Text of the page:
Early varieties of sweet corn were sweet because of the action of a sugarinducing gene (su) located on a particular chromosome in its genome. Several new mutants have been identified in recent years that improve upon the desirable effects of the su gene. These include the se (sugary enhanced) and sh2 (super sweet) genes.

The se varieties of sweet corn, also referred to as Everlasting Heritage (EH), contain considerably more sugar than do the su varieties. Therefore, they remain sweet several days longer after harvest. Sugar is still converted to starch once the corn is removed from the plant but, since there was more sugar to begin with, more sugar remains several days later. Consumed immediately after being harvested, the se varieties are an eating experience almost too delightful to describe.

The sh2 varieties of sweet corn have several advantages over the previous two types. In addition to being three times sweeter than su sweet corn, the conversion of sugar to starch in varieties carrying the sh2 gene is negligible. Thus sh2 varieties start sweeter and stay sweeter than normal (su) sweet corn. Since the endosperm of seed results from the genetic influence of both parents, sh2 (and se) varieties must be prevented from cross-pollinating with other varieties. This can be accomplished by staggering planting dates by at least 14 days or separating plantings by a distance of 250 feet or more. Unfortunately, the germination of seed containing the sh2 gene is more difficult than the other types.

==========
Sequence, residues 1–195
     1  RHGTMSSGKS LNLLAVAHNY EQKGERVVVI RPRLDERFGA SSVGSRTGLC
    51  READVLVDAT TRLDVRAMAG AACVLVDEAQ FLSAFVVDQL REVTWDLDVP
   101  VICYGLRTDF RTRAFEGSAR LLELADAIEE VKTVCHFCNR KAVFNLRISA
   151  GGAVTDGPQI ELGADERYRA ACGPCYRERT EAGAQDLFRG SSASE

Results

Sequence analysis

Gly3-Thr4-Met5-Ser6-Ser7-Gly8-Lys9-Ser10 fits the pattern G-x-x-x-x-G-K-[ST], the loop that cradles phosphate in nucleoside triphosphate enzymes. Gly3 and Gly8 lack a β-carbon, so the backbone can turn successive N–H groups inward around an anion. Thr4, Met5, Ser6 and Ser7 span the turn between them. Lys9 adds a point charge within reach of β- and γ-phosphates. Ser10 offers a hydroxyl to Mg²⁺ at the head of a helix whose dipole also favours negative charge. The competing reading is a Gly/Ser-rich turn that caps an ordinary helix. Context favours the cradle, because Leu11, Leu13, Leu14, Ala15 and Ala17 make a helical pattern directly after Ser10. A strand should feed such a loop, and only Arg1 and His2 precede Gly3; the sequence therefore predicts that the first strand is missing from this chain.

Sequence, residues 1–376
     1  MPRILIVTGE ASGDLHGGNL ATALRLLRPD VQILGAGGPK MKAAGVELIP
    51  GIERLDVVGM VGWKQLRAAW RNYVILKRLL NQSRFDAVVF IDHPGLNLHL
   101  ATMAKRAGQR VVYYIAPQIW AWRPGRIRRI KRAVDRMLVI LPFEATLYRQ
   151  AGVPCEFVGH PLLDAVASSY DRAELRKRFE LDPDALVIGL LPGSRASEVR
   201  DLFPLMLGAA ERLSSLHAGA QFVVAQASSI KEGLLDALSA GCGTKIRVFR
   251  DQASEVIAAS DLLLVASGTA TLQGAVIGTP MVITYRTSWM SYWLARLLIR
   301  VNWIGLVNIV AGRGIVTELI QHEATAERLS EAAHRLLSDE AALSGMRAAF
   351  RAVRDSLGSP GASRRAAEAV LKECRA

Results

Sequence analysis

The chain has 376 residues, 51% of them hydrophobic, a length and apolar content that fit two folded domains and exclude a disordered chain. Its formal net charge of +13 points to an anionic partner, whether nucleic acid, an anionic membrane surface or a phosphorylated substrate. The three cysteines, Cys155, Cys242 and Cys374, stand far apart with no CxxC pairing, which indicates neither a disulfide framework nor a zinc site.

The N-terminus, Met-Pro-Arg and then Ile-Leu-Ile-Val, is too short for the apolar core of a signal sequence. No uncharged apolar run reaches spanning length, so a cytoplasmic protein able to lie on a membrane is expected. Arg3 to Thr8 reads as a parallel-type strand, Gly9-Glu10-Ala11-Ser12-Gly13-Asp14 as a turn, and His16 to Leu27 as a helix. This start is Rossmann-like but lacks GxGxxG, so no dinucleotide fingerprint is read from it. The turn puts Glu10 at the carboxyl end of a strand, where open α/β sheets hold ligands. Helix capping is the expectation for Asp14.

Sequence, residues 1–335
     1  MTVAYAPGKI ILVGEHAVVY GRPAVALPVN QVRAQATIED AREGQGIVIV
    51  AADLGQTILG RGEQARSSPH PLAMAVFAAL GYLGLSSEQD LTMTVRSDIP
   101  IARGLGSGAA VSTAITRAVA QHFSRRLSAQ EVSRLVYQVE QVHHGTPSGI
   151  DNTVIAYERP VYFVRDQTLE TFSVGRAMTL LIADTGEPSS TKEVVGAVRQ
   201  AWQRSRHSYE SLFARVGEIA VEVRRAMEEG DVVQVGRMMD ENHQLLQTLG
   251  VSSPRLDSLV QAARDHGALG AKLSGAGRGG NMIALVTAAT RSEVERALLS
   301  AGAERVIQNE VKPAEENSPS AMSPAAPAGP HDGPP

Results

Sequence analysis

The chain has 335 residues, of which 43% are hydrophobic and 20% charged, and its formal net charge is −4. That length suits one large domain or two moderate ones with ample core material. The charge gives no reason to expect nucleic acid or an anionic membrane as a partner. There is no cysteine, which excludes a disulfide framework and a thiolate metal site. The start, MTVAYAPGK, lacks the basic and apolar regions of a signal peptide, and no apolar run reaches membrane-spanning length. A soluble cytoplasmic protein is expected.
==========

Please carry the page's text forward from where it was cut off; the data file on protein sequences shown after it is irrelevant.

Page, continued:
Synergistic hybrids (hse or SY) represent the newest type of sweet corn. This group of sweet corn varieties have about 75 percent of their kernels as sugary enhanced (se) sweet corn and 25 percent as super sweet (sh2). Synergistic types have higher sugar content than regular se types and have excellent shelf life and kernel texture.